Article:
Greenland’s name may one day match its description. Although known for its beautiful ice sheets and winter landscape, the Greenland the world once knew may actually one day become completely green.
Now how could Greenland become green you ask? There are many factors affecting melting ice sheets in Greenland. One contributing factor is climate change. Many scientists are worried that as temperatures continue to increase, due to the effects of Greenhouse gas emissions; the stability of the ice sheets found in Greenland may decrease over time. There is evidence showing that the ice sheets which have remained relatively stable in the region for almost 7.5 million years could completely melt in approximately 2500 years from now. Also, the current state of ice sheets found in Greenland could contribute to rising sea levels of approximately 7 metres, therefore scientists continue to monitor the increasing temperatures and effects of different variables on the stability of the ice sheets.
Another major concern when discussing variables that cause ice sheets in Greenland to melt have to do with Algae. Specifically Algae Summer Parties…
Sounds fun right? Well not exactly, this type of algae is known to be senescent until a period of time until they rapidly increase their activity. The result: watermelon snow. Or at least that is what the snow looks like after the Chlamydomonas nivalis algae began to live on glacial ice sheets. The algae eventually spreads from green photosynthetic algae that turns red to protect itself from the suns ultraviolet rays. Although it makes the ice sheets beautiful, research shows that the photosynthetic algae could help speed up glacial ice sheet melting by absorbing more of the suns energy and causing melting.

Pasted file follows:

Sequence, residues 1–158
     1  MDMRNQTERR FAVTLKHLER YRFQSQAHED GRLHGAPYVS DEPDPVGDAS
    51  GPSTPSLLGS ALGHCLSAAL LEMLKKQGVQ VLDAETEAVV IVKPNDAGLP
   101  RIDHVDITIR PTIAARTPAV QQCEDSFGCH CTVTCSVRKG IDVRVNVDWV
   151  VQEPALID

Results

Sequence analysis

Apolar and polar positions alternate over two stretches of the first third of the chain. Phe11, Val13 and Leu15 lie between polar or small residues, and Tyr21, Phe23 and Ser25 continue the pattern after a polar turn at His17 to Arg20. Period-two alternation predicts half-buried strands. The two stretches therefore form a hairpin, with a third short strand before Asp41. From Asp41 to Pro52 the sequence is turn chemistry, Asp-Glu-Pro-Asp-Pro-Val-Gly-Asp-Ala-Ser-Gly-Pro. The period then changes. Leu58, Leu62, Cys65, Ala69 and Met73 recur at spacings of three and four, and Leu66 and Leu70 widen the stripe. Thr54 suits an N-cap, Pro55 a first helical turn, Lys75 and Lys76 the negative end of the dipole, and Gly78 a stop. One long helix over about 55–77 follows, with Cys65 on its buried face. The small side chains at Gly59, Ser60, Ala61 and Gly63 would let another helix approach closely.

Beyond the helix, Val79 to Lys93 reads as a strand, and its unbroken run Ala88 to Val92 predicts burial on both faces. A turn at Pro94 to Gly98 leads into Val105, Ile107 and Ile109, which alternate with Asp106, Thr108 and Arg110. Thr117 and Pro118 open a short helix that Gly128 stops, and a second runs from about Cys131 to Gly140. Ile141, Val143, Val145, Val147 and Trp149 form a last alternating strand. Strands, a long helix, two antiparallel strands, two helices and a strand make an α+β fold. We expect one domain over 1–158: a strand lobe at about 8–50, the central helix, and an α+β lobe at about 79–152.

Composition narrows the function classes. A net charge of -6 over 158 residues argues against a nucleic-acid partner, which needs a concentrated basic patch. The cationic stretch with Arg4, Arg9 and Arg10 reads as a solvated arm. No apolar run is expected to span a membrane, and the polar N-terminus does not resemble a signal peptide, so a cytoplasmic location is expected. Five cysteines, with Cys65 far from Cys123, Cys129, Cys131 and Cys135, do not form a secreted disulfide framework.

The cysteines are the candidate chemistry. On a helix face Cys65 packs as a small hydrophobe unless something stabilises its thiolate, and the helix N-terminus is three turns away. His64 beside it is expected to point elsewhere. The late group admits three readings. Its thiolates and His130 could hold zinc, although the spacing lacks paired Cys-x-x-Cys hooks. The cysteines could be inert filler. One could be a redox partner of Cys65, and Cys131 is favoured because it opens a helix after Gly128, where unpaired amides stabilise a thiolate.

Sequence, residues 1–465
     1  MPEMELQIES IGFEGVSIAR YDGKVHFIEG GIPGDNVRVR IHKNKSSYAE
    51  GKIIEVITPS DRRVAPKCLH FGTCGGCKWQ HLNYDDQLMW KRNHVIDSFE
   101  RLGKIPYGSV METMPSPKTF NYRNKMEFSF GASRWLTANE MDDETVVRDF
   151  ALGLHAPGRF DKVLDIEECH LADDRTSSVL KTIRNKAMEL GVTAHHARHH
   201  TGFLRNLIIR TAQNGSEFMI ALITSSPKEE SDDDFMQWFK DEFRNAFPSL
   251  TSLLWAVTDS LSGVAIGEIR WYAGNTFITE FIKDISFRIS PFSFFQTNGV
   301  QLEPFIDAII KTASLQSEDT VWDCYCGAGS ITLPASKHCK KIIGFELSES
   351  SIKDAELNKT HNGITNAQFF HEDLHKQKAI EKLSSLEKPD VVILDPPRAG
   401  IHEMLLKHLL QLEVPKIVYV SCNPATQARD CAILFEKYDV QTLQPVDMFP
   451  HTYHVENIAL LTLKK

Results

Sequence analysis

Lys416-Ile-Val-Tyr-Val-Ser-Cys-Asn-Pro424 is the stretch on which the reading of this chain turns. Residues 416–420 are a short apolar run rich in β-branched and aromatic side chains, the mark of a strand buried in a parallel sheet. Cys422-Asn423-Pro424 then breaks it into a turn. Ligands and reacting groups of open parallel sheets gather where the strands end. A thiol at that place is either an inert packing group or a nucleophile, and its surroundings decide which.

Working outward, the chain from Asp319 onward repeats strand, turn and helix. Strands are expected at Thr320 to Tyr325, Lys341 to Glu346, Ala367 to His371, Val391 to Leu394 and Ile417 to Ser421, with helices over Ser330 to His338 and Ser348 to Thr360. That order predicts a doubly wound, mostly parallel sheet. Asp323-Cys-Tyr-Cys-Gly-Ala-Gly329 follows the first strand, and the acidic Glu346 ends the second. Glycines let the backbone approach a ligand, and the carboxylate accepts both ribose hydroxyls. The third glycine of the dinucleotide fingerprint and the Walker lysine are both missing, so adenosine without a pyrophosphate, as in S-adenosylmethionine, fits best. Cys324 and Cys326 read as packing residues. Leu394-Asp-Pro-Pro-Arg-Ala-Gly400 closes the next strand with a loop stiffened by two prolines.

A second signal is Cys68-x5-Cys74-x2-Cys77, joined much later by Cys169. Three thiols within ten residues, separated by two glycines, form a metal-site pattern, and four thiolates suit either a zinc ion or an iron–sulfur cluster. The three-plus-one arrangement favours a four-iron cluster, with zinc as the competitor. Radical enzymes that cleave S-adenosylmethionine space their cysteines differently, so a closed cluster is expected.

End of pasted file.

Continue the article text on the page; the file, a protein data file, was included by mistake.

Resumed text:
Figure: Witze, Alexandra. “Algae are melting away the Greenland ice sheet.” Nature535.7612 (2016): 336.
The effects of the algal blooms on vegetative and species in the area is most likely negative. When the ice caps melt, species and plants that are adapted to such conditions may not be able to shift distributional range or preform specific functions isolated to ice sheets, which in turn could promote loss of biodiversity. Although beautiful, there needs to be solutions set forward to combat the effects of watermelon snow, and the overall effects of melting ice caps!
Dowell, Scott F., David Blazes, and Susan Desmond-Hellmann. “Four steps to precision public health.” Nature News 540.7632 (2016): 189.
Witze, Alexandra. “Algae are melting away the Greenland ice sheet.” Nature535.7612 (2016): 336.